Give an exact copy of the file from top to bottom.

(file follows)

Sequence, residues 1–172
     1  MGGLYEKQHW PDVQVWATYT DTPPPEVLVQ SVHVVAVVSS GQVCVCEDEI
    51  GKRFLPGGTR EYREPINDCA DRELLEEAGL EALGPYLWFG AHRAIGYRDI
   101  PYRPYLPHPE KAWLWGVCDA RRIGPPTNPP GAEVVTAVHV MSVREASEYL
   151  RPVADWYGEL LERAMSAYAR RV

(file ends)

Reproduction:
Sequence, residues 1–172
     1  MGGLYEKQHW PDVQVWATYT DTPPPEVLVQ SVHVVAVVSS GQVCVCEDEI
    51  GKRFLPGGTR EYREPINDCA DRELLEEAGL EALGPYLWFG AHRAIGYRDI
   101  PYRPYLPHPE KAWLWGVCDA RRIGPPTNPP GAEVVTAVHV MSVREASEYL
   151  RPVADWYGEL LERAMSAYAR RV